I finally have an official fixed amateur radio station! Isn’t it great! I’m tickled pink. (Calm down Hans, don’t get too excited here).
Yesterday two people from the NCC (our local version of the FCC) came to inspect my station for the official fixed station licence. An hour late, but we’re in Taiwan, so get used to it. There were two guys and one started off with a strange question: if I had any questions about the radio regulations? Ehh…no! I passed the exam, so I know what they are. And then again, I ignore them when I feel like it, because that is what we do in Taiwan, right? But the guy asking the question was Mr. Liu and he wasn’t so bad at all. In fact, he was interested in the examination procedure in the Netherlands and he wanted my e-mail address so he could consult me on changes in the examination question pool, which is going to be changed in November. He is also the man who put together the statistics I mentioned in my last post here on AmateurRadio.com.
In the mean time the other guy tested my TS-440S. He hooked it up to a Bird clone and a spectrum analyser, fed into a dummy load. On 80 and 40 meters my harmonics suppression was only just 40 dB, but on the other bands around 50 dB: good enough. The power output was measured at around 80 Watts, but I saw that the SWR of the whole set up was 1:1.5, so then it’s no surprise that the rig didn’t show its full potential. They looked at my antenna, which is on the balcony, but other than that they weren’t interested in anything. After an hour they left and the licence will be coming in the mail.
You would have thought that inspecting a radio station would be more thorough: electrical safety, structural safety of antenna’s, equipment that can only transmit on designated frequencies, etc. My TS-440S can transmit on any HF frequency, but they didn’t even check or notice. So what is this farce about? Unfortunately us hams in Taiwan know more about amateur radio than anyone working for the NCC. But there need to be rules and regulations, thought up by people high up in the chain of command, who want to be listened to (just like the Emperor, a hundred years ago. Really, little has changed). It doesn’t matter if they are right or wrong, propose something realistic or not, you just have to obey them. But once you have shown that you have played by the rules then there is a solution: ignore them. You know that you will never be bothered by them again, so you make your own rules.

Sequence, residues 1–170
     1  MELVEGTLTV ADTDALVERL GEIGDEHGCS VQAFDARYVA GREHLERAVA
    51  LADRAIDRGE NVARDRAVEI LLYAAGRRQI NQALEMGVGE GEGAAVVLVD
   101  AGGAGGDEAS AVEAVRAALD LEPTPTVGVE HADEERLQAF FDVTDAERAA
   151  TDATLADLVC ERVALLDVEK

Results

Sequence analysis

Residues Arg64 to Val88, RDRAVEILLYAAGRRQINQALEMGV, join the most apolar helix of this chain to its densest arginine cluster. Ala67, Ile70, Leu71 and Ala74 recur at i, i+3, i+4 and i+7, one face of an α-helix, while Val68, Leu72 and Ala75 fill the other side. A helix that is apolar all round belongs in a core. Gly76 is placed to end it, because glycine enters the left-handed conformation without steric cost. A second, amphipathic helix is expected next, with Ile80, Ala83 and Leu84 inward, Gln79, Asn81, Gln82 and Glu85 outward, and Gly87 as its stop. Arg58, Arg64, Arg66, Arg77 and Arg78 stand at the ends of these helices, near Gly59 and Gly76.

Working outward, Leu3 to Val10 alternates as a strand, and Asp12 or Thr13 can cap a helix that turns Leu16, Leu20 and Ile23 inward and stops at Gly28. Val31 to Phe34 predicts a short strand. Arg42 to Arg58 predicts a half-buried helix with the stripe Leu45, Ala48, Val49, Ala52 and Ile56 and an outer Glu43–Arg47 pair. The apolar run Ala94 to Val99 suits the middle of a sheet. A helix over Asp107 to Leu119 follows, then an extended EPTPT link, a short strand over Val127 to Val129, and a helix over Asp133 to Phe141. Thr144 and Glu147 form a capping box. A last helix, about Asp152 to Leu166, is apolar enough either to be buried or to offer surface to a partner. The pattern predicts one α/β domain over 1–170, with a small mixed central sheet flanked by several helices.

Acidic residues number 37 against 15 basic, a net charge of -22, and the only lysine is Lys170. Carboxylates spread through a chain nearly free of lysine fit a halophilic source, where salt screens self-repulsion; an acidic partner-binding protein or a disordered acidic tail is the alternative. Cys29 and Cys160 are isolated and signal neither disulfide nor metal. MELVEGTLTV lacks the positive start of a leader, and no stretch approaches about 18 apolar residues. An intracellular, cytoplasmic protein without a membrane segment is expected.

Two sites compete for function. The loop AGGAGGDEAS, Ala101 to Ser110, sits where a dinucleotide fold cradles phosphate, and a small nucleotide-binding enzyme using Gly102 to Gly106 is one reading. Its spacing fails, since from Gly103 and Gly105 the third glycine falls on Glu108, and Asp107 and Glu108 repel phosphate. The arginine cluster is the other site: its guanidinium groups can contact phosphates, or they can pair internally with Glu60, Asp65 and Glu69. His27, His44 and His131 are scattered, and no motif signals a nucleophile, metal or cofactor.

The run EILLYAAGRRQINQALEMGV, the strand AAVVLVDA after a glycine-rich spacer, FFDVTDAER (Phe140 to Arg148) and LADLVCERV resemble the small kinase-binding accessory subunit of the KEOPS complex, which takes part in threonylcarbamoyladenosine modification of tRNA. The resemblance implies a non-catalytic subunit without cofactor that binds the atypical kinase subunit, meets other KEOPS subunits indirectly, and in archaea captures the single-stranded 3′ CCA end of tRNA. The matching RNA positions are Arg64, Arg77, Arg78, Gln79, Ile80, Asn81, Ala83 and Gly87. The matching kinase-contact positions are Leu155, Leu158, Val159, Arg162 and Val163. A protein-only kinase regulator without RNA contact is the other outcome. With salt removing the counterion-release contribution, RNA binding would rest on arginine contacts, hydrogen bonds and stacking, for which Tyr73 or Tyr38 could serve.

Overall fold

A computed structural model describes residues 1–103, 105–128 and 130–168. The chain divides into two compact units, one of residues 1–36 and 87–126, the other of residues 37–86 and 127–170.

Example: the Ministry of Transportation and Communication devises a national frequency allocation table. The NCC (which is a subdivision of the MOTC) extracts the amateur radio frequencies, allocates them according to type of licence and puts it in the official rules and regulations which we are to obey. Now the MOTC frequency allocation table is already inaccurate due to contradictions within the MOTC. The NCC uses an old version of the FOT and the MOTC doesn’t bother to let the NCC know of the updates. The result: most hams in Taiwan use the IARU region 3 frequency allocation table for HF. The NCC knows that Class 2 and 1 amateurs are serious people and we are never checked apart from the time you set up a station, so live and let live. On VHF and UHF there is a little tighter control because of the great number of sausages and inexperienced Class 3 amateurs. So, do what you want on HF and be a bit careful on V/UHF. That’s the way we do it in Taiwan.
I am careful by nature and I want to enjoy the hobby for as long as I can, so no worries about me. Besides, amateur radio is more about listening than transmitting, not? So after the NCC folk were gone the TS-440S was still on 10 meters and I tuned that band for a bit. Heard beacons from DU1EV/B on @28195 (very weak) and HS0BBD/B on 28205.9 (in OK03, strong at times). The DU1EV beacon is in testing phase, running 1 Watt into a Yagi pointed to Japan. Eddie hopes to relocate it to a better spot, with a GP antenna instead of a Yagi. Stay tuned.